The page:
Thursday, March 22, 2012

I Love a Parade

St. Paddy's Day in Dallas is quite the event, internets, and this humble blogger is proud to announce that she survived the celebration unscathed. That marathon of a day took no small amount of planning (and liberal, regular applications of bar food) to successfully achieve, however. Totally tactical—that's me!

My sister was able to join the festivities, experiencing the Greenville Avenue St. Patrick's Day Parade for the first time (thank you, Mark Cuban!). It was a special treat for your truly, as her erstwhile work schedule meant we never had the same weekends off. Her new, regular-weekends-off job means more opportunities for malfeasance good, clean fun (hi, Mom!).
 (Here's we are bright and early - the "Before" shot, if you will. No "Afters" were taken. Stop asking.)

As with all the fun drinking holidays, you don't have to be the appropriate nationality to celebrate, but those of us who are get to feel a little smug so there's that. (As my birth mother helpfully pointed out, I'm a mutt... but being Cajun, German, and Black Irish means I have rights to all the best drinking holidays: Mardi Gras, Oktoberfest, and St. Paddy's!)

We started off with the aforementioned parade, getting there ridiculously early to ensure a parking space and prime parade viewing. However, I erred in thinking that the new crackdowns would disallow camp chairs. That would have made the 2 1/2 hour wait a lot easier to take. Hindsight and all that. Meh. But there was some excellent people watching.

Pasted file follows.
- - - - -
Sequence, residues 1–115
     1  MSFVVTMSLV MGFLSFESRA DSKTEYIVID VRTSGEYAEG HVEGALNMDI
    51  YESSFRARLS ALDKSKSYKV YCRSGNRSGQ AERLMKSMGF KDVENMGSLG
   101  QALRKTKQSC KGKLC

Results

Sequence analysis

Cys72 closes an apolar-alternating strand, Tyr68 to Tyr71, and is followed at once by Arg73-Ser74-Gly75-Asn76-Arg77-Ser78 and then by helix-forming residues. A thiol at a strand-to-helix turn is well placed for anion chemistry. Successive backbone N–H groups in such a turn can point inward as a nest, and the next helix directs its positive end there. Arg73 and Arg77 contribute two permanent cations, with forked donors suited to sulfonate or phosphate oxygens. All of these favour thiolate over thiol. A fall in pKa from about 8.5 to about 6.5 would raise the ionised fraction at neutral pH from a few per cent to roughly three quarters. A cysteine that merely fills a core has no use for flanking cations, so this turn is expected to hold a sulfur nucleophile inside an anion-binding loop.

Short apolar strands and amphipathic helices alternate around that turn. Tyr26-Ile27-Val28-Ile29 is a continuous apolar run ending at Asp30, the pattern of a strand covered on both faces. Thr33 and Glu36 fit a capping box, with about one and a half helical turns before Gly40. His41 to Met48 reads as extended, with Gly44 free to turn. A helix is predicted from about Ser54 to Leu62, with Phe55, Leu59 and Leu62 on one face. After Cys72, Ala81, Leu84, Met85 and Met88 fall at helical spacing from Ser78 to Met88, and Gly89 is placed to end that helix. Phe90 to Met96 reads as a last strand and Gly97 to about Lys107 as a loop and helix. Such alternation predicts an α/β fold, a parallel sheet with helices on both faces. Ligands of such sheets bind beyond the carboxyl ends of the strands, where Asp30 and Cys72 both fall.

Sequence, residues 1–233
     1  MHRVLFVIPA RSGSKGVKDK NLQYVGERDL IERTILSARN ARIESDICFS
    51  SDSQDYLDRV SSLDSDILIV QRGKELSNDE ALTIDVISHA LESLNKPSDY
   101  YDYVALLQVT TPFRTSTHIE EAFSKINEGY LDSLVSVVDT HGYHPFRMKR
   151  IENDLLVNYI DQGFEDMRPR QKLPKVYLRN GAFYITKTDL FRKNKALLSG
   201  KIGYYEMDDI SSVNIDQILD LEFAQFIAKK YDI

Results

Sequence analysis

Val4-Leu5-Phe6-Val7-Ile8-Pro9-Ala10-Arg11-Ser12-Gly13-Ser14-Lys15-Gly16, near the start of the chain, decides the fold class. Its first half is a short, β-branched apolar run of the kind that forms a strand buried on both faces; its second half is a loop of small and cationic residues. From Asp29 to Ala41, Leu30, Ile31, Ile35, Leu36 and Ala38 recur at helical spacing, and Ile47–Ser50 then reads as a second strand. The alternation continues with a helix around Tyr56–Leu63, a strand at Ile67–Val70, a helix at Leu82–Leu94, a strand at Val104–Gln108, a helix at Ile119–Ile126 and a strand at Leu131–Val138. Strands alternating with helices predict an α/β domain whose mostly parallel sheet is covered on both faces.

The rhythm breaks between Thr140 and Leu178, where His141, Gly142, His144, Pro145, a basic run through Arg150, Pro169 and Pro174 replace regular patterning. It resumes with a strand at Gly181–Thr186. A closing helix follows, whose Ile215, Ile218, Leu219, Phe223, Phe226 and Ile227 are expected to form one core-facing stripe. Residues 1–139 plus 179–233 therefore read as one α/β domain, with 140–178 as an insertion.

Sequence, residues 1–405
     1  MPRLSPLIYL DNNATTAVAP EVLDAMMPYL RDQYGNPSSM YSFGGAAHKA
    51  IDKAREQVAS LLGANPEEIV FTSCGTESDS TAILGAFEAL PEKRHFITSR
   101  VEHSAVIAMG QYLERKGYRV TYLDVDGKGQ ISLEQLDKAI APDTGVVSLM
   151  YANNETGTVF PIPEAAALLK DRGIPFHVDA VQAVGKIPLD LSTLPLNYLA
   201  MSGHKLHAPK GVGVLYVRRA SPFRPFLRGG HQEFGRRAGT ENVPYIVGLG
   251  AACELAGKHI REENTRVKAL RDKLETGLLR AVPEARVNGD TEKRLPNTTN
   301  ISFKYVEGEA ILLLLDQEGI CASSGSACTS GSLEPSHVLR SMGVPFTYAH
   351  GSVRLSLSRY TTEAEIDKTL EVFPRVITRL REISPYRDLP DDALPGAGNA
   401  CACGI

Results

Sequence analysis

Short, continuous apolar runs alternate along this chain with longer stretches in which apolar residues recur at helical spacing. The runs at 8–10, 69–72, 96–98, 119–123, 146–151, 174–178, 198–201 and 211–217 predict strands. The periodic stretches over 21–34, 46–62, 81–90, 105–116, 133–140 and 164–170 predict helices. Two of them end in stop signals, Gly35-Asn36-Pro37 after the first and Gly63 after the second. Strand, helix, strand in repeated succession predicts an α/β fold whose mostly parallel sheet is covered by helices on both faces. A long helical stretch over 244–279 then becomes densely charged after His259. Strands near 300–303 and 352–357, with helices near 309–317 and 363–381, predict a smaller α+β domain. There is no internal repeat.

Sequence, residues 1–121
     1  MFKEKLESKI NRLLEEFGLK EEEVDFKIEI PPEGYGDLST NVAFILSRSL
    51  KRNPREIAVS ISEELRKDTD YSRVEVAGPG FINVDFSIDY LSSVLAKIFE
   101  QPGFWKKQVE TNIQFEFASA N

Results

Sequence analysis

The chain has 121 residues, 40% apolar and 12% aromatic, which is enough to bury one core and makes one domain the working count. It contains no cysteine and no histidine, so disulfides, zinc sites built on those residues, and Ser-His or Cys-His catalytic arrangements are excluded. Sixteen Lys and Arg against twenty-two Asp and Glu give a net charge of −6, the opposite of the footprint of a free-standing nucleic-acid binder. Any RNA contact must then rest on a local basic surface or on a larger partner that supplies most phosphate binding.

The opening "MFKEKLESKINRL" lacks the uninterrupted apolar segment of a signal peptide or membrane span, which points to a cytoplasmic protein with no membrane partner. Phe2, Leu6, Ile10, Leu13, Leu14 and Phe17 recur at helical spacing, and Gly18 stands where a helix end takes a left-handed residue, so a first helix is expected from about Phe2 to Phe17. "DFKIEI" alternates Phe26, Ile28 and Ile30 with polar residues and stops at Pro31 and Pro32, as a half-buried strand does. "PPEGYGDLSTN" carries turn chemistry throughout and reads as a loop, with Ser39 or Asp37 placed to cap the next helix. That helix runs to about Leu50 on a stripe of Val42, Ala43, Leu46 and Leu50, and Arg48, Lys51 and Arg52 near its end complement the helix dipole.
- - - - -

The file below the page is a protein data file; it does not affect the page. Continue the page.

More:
A few observations:
  • For an Irish holiday, Irish beer was not the norm. I saw way too many illicit cans of Bud and/or Miller light pass by. (The natural follow up, then, becomes, "How the hell do these amateurs get that pasted on light beer?!?") Guinness was in short supply. Come on, Dallas. Is image really that important? Chance the calories. Live a little.
  • While I appreciate folks that get into the spirit of celebration, the guy in the lederhosen had me bumfuzzled. Beer-based holidays (and the corresponding nationalities) are not interchangeable, mein herr!
  • Being a follower apparently means that when your drunk-ass friend decides to climb a tree for a better view, your equally-drunk-ass self is required to do it, too. Those of us too smart to look up and watch the shenanigans will still, however, end up with bits of bark in our eyes (not that I'm still bitter).
  • For special occasions, a theme song frequently surfaces. Such things cannot be coerced, though; they occur naturally. This parade was sexy and it knew it. At least a dozen times.
  • In a crowd of 100,000 spread over almost 3 miles of city streets, I will still manage to see someone I know.
  • This isn't news, but I'm not a nice person. I'm a good person; these are not the same thing. The crowds made me 1) a little hostile antsy; and 2) regret my lack of Guinness. Once we found the Friendly Drunk, though, and moved away from the Party Rock Crew, I was much happier (even when he nearly got shanked for loudly admonishing all the damned Irish to go the Hell home, making himself poster child for People Unclear on the Whole Point of Things).
  • Onion rings make everything better. Lee Harvey's has great onion rings (but it's all about the chipotle aioli to go with).
  • I never learn. Why I thought I could eat a fried egg sammich and not end up with yolk-covered boobs is beyond me. They're food magnets. (The end-of-day "When did I eat THAT?!?" moment will never not be disconcerting.) 
  • My crazy friends + an afternoon of beers + the elevator at Reunion Tower = rampant, unapologetic silliness.
 (And the Tower even got into the spirit of the holiday! Don't take pics while driving, kids.)

So there you have it, internetsl—another great day with folks I adore. No arrests, no hangovers, and no regrets (except maybe wearing flip flops in a crowd of 100,000; surely there are better ways to show off my green pedicure).

And unlike the last parade in which I was involved, I didn't find Jell-o shots in my purse the following Monday at work. Not sure if that's a success story or a sad anecdote, actually...

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